Syria Strife: Israeli Prime Minister Benjamin Netanyahu has ordered government ministers not to get involved in what is now seen as a domestic American affair. (Uriel Sinai/Getty Images)
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TEL AVIV — As debate continues in Washington over a prospective Syrian strike, Israeli security experts are backing away from earlier claims — first articulated by Prime Minister Benjamin Netanyahu and since adopted by President Barack Obama and pro-Israel supporters on Capitol Hill — that failure to act against Bashar al-Assad’s use of chemical weapons will fuel the threat of a nuclear Iran.
In his Sept. 10 address to the American people, Obama reiterated the Syrian-Iranian connection as one of the rationales driving his decision for military force.
“Failure to stand against chemical weapons will weaken prohibitions against other weapons of mass destruction and embolden Assad’s ally, Iran, which must decide whether to ignore international law by building a nuclear weapon or pursue a more peaceful path,” Obama said.
Nearly identical language was employed by the American Israel Public Affairs Committee (AIPAC) — Washington’s premier pro-Israel lobby — in its bid for congressional authorization to hold Assad accountable through military force.
“America must send a forceful message of resolve not just to Syria, but to those like Iran and Hezbollah… Failure to approve this resolution would call into question America’s will to carry out our commitments, including the President’s and Congress’ pledge to prevent Iran from acquiring nuclear weapons,” AIPAC wrote in a mass mailing to lawmakers.
For his part, Netanyahu has repeatedly warned, “Iran is closely watching whether and how the world responds to the atrocities committed by its client state in Syria.”
But with prospects far from certain of Obama securing the support he seeks for a Syrian strike, Netanyahu has ordered government ministers not to get involved in what the Israeli premier now claims is a domestic American affair.
In the contentious run-up to a congressional vote, a top Defense Ministry official and security experts here insist Syria is not a litmus test for Iran and caution against linking Assad’s use of chemical weapons to the Iranian nuclear threat.
Whichever way Congress votes and however Obama ultimately responds to atrocities attributed to Assad, experts here say American action or inaction should not be mistaken as a template for prospective future US-led intervention in Iran.
“Whether or not this is popular, I don’t recommend drawing conclusions about Iran from Syria. You can’t project one case onto another,” said retired Maj. Gen. Amos Gilad, the longtime director for political and security affairs at Israel’s MoD.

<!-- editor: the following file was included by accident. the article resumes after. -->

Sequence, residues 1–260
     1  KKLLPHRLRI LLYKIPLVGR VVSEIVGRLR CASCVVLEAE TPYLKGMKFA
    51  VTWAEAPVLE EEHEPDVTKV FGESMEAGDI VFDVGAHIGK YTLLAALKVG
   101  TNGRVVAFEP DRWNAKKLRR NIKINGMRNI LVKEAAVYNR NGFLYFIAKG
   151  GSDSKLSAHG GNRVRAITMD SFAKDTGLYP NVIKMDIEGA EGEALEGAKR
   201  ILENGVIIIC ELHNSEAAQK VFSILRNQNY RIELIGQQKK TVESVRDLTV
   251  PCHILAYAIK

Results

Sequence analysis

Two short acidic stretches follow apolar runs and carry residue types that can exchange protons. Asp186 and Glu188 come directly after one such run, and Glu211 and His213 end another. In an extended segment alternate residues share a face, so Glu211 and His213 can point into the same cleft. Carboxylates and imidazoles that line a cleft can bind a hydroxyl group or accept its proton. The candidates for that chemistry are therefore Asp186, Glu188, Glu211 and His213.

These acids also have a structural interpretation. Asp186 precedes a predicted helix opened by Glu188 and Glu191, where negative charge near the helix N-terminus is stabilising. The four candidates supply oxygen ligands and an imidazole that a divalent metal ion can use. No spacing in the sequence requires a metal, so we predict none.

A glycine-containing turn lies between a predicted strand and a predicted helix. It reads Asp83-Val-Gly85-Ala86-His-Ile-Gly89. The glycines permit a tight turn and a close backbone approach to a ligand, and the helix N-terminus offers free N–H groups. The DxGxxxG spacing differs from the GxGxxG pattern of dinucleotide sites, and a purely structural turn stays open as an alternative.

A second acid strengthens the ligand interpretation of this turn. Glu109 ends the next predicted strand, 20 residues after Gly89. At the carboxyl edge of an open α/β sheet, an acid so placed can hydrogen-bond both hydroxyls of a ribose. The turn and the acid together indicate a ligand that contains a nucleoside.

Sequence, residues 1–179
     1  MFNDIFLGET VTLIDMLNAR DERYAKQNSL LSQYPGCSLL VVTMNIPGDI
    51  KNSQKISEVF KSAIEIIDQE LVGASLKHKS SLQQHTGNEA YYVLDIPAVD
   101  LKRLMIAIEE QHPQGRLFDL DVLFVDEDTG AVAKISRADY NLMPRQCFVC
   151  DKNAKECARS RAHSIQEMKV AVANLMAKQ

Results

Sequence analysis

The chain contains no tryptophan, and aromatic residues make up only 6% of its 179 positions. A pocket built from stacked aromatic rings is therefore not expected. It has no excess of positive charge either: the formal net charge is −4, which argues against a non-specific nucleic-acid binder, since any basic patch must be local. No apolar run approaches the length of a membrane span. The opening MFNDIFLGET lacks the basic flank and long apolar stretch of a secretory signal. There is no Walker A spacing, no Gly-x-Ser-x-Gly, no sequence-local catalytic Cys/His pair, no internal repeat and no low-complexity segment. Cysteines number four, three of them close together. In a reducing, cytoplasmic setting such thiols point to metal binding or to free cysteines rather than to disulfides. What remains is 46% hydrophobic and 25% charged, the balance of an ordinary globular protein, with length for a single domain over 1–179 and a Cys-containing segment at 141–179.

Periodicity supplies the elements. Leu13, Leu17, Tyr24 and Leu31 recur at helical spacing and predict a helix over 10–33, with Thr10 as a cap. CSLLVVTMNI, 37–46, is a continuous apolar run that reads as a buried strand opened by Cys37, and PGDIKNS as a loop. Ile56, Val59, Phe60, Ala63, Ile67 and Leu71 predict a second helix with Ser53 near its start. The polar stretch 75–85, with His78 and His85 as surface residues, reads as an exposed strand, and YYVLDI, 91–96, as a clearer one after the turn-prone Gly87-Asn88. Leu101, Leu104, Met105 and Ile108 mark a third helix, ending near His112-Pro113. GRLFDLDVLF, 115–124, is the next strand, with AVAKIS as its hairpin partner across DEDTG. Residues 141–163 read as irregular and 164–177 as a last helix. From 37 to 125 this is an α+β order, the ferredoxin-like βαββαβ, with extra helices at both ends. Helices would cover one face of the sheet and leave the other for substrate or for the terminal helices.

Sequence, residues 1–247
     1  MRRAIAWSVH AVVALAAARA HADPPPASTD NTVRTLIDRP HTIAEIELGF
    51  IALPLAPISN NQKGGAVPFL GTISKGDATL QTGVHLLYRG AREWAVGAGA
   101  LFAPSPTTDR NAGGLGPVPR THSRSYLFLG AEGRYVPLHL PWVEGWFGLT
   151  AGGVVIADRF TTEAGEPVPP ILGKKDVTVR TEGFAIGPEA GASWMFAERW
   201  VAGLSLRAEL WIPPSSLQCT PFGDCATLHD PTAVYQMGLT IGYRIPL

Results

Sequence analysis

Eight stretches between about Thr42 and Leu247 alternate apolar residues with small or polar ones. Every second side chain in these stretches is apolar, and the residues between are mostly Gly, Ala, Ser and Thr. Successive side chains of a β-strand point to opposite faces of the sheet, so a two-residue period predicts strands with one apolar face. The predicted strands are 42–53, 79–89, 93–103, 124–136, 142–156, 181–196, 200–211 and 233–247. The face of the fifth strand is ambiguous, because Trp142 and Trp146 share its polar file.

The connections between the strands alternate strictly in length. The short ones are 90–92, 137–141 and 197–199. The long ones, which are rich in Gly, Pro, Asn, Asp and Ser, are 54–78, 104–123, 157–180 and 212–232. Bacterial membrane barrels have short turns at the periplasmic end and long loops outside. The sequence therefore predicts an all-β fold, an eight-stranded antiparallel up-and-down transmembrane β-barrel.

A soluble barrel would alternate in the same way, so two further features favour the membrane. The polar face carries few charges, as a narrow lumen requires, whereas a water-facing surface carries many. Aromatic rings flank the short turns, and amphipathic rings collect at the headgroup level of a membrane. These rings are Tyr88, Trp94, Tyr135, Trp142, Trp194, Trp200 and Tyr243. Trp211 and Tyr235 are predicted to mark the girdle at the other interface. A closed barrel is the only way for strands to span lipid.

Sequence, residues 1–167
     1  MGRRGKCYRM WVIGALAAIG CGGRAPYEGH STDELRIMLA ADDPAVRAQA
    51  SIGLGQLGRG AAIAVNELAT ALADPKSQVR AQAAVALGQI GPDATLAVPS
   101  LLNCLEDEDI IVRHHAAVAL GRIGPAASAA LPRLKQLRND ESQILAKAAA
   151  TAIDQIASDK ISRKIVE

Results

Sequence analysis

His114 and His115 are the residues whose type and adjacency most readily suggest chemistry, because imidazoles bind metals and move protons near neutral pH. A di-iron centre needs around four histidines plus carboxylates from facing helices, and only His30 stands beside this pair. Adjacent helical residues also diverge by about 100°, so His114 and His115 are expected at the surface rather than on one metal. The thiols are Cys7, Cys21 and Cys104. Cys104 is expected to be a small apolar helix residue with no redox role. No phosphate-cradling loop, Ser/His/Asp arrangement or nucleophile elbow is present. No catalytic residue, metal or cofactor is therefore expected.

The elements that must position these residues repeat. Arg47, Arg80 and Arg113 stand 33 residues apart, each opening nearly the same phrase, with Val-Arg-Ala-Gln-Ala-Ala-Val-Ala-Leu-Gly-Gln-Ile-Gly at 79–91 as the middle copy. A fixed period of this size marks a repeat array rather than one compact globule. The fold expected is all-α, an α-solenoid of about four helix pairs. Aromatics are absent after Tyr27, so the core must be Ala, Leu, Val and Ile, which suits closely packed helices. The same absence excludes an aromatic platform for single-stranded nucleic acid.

Speaking Sept. 8 at a conference of the Herzliya-based Institute for Counter Terrorism, Gilad said Israel’s overriding strategic concern is the looming threat of a nuclear-capable Iran. Regardless of how Washington chooses to deal with atrocities attributed to Assad, Gilad said the US president is committed to preventing a nuclear-armed Iran.
“I recommend taking Obama seriously when he says he will not allow Iran to acquire nuclear weapons,” he said.
At the same event, former Israeli National Security Adviser Uzi Arad warned of unintended consequences of a Syrian strike that could sap US legitimacy and restrict its maneuvering room for future military action in Iran.
The former Netanyahu security adviser criticized the pro-Israel lobby for exhorting support for a Syrian strike that may ultimately harm efforts to combat the nuclear threat. “AIPAC is using analogies about how this reflects on Iran, but the two cases are not at all analogous.”
“There’s no shadow of a doubt that Iran is a much larger threat to the entire region, including America, than Syrian use of [weapons of mass destruction],” Arad said.
“So even during this Syrian crisis, attention must not be deflected from the real strategic threat by risking complications and US credibility in a secondary, supporting element of the Iran-Syria-Hezbollah axis.”
Oded Eran, a former Israeli diplomat and senior associate at Tel Aviv’s Institute for National Security Studies, said Netanyahu was wise in enforcing his current policy of nonintervention in the Syrian civil war or in the ongoing debate in Washington.
“At the beginning, there was a kind of knee-jerk linkage of the Syrian chemical issue to the Iranian nuclear threat, but these are only artificial similarities,” Eran told reporters here last week.
“I suggest we take a deeper view and not jump to quick conclusions that American handling of the Syrian issue is a forerunner of what to expect in Iran,” he said.
In a late August interview on Israel Army Radio, President Shimon Peres reflected the government’s ambiguous support for White House policy on Syria and Iran. “I have full faith in President Obama’s moral and operational stance. I recommend patience and am confident that the United States will respond appropriately to Syria… Thoughtfulness should not be confused with indecision.”
Peres insisted that Israel should not be in a position of deciding or influencing US and international action in Syria. “For various reasons, there is consensus against Israeli involvement. We did not create the Syrian situation.”
As for Iran, Peres said he took Obama at his word. “I do not believe he will allow Iran to acquire nuclear weapons.” ■